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Leonard Weiss April 23, 2007
Safeguards: The Beginning
• • • • An afterthought to Atoms for Peace Geneva Conference meeting Rabi proposes, Skobel’tsyn disposes Smith: Slow down plans for nuclear transfers? Strauss: No • Libby: An effective safeguards system would cost too much • Bottom line: Full speed ahead on nuclear energy, do safeguards later
The IAEA is Born
• Working with eight nuclear supplier states, the U.S. drafts an agency charter in 1954 • The draft is given to the USSR for review and then to all other UN members • Following Geneva a new draft is produced by the 8 original states plus 4 others including the USSR and India. • The new draft with amendments is presented and approved at a UN-proposed conference and is adopted by the UN as the IAEA Charter
Early Safeguards Issues
• Should source materials be safeguarded? (UK, Belgium, Canada, Australia say “yes”; France, India say “no” and ultimately win) • Should safeguards apply to all states? (India says “yes” unequivocally, but the P-5 say that safeguards should attach to all states that receive assistance from the IAEA, which means no safeguards for the P-5) • Should there be alternative bilateral or multilateral safeguards? (The U.S. undermined the IAEA by promoting Euratom and bilateral safeguards)
Countering Proliferation: The NPT
• UNGA approves Irish resolution in 1961 calling on all states to refrain from transfer or acquisition of nuclear weapons • After 6+ years of negotiation, NPT is born and opened for signature (July1, 1968) • 62 countries sign on first day, including the “depositary governments” (U.S., UK, USSR) • Currently 187 countries have signed and ratified • Treaty was made permanent in 1995
NPT “Grand Bargain”
• Non-weapon states agree not to make or otherwise acquire nuclear weapons and to put all nuclear materials under safeguards (Articles II and III) • Weapon states agree not to assist nonweapon states to make or otherwise acquire nuclear weapons and to require safeguards on all nuclear transfers to nonweapon states (Articles I and III)
NPT “Not So Grand Bargain”
• In return for pledging not to make nuclear weapons, non-weapon states have the right to participate in the fullest possible exchange of equipment, materials, and scientific and technological information for the peaceful use of nuclear energy”. (Article IV) • Germany, Japan insisted on this as a condition of their signing the Treaty
NPT and Disarmament
• “Parties to the Treaty (and especially the weapon states) agree to pursue negotiations in good faith on effective measures relating to the cessation of the nuclear arms race at an early date and to nuclear disarmament under strict and effective international control.” (Article VI)
How to Leave the NPT
• After giving 3 months notice and an explanation, each party “has the right to withdraw from the Treaty if it decides that extraordinary events, related to the subject matter of the Treaty, have jeopardized the supreme interests of the country.” (Article X)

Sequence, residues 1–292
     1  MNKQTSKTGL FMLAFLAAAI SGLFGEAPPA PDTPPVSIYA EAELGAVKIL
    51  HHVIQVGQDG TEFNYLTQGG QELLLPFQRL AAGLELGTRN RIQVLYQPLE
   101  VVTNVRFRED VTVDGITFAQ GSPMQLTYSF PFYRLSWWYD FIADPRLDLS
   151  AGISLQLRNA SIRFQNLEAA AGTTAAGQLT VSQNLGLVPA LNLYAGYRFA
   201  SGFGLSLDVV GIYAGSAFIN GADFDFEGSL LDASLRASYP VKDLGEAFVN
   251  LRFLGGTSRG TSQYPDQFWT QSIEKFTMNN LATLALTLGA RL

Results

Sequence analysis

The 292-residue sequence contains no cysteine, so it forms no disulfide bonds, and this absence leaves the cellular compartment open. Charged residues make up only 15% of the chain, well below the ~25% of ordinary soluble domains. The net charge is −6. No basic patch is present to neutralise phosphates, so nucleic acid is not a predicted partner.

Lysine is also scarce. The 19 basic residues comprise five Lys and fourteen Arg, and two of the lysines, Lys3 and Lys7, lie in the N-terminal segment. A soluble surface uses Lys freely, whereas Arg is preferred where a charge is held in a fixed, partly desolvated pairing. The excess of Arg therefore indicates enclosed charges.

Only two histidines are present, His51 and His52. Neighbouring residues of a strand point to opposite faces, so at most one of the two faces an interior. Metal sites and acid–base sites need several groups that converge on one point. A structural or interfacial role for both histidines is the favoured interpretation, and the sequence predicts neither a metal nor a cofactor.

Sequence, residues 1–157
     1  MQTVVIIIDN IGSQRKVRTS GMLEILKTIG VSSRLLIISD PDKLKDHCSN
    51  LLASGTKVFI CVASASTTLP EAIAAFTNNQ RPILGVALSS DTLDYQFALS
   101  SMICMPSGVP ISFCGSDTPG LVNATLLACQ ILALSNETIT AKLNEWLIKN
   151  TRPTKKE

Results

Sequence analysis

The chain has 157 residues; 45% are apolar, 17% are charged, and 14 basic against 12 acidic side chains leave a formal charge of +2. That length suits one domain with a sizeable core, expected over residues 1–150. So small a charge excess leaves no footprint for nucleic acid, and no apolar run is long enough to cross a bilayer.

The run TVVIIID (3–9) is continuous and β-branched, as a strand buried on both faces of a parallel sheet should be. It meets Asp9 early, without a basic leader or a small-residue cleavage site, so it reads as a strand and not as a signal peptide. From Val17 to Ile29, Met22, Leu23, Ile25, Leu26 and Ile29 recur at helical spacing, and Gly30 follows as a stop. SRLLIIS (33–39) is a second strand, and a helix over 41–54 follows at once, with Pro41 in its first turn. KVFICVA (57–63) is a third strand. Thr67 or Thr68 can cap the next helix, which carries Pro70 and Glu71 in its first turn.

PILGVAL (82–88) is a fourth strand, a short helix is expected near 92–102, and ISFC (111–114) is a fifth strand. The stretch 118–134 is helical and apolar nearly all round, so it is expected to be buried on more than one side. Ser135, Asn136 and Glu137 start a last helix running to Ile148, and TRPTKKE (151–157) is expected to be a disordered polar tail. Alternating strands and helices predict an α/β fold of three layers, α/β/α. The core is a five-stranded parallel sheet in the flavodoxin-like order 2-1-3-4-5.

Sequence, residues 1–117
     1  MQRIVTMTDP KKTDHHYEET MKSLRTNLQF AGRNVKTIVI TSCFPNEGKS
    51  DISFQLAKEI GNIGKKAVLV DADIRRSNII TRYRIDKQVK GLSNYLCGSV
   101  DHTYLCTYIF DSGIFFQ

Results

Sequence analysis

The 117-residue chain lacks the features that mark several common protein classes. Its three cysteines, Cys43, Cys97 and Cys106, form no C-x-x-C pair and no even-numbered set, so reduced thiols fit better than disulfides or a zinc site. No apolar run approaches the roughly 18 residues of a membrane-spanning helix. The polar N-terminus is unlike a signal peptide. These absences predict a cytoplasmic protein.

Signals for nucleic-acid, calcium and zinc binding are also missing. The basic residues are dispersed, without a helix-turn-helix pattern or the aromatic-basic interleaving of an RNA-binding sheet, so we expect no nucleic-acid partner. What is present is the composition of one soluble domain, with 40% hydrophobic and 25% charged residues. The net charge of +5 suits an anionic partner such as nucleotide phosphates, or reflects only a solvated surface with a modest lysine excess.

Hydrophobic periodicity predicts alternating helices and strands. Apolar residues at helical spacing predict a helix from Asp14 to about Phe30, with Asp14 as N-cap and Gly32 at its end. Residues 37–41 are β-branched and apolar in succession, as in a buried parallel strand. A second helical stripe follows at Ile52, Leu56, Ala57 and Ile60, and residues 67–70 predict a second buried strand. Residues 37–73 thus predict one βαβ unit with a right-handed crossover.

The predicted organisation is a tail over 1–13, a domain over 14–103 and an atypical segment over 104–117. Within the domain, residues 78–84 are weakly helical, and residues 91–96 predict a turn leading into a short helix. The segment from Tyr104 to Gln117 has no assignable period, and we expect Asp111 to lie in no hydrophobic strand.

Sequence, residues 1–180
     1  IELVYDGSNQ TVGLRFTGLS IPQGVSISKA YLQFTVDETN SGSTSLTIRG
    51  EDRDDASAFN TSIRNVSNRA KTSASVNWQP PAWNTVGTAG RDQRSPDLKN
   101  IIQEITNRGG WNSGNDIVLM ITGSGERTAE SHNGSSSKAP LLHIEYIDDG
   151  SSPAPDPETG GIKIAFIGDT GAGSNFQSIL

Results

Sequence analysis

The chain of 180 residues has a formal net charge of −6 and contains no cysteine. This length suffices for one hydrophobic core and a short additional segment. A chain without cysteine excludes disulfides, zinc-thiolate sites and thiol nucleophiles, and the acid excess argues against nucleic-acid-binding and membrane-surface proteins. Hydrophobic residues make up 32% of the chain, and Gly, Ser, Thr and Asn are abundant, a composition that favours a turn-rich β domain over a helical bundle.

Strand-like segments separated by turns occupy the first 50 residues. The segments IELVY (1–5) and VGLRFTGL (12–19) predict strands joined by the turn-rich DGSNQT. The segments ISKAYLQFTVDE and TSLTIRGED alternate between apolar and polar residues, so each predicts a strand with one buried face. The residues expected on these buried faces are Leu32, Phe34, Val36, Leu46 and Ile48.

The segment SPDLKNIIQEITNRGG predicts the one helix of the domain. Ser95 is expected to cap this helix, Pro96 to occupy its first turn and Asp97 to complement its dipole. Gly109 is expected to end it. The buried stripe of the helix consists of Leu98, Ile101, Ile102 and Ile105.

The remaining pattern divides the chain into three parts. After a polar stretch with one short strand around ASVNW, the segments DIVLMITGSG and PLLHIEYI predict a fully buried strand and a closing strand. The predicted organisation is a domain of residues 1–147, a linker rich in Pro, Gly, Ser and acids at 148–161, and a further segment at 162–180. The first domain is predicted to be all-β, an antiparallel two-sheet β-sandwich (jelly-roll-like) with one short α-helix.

Weaknesses of the NPT
• It is not universal (187 countries have signed and ratified, but not India, Pakistan, and Israel; North Korea signed in 1991 but has withdrawn from the Treaty) • Article IV allows a country to legally get close to having the bomb (Japan has 40 tons of Pu) • Slow to non-existent progress on Article VI prompts ongoing complaints of discrimination from non-weapon states, loudest at 5-year NPT review conferences • No automatic sanctions for violators
Safeguards Objective for NPT Parties (INFCIRC/ 153)
• “The timely detection of the diversion of significant quantities of nuclear materials from peaceful activities…and deterrence of such diversion by the risk of early detection” • Definition of terms left to the Standing Advisory Group on Safeguards (SAGSI)
Detection Goals (SAGSI 1977)
• 90-95% probability of detecting a diversion of one significant quantity of (SNM), with a false alarm probability of less than 5%, with detection time less than or equal to conversion time • 1 SQ of Pu = 8kg • 1 SQ of HEU = 25kg of U-235 • Conversion time: 7-10 days for metal; 1-3 weeks for oxides or nitrates; 1-3 months for irradiated fuel
Limitations of Safeguards
• Safeguards are directed primarily to declared facilities • Special inspections undertaken to resolve ambiguities must usually first gain cooperation of the inspected state • States have the right to reject particular inspectors designated for their country by the IAEA • NPT safeguards are not permanent
Limitations of Safeguards (Cont’d)
• SQ numbers are unrealistic • Timeliness goal is unrealistic: Material balances are done on a yearly basis, while diversions can occur at any time; increasing the number of inventory takings is expensive and resisted by plant operators • In a plant processing large amounts of material, the minimum detectable diversion will exceed 1 SQ by far • Clandestine facilities obviate the need for diversion to make weapons
Responses to Safeguards Limitations
• Advanced technical approaches (e.g.,Near Real Time Accountancy) • Physical security • Intelligence, surveillance, and the Additional Protocol • Export controls (e.g. NNPA) • Incentives to reduce safeguards burdens and assured sanctions for violators
Compensating for Limitations of NPT
• Nuclear Export Controls
– Nuclear Suppliers Group (1974) – National Laws (NNPA of 1978) – Criminalizing export violations and nuclear assistance to subnational groups (UNSC 1540) – Proliferation Security Initiative – Intelligence sharing
Compensating for NPT Weakness (Cont’d)
• Positive or Active security assurances (alliances, nuclear umbrella) • Negative or Passive security assurances (no nuclear attack on a non-weapon state not allied with a weapon state)
Country-Specific Problems: North Korea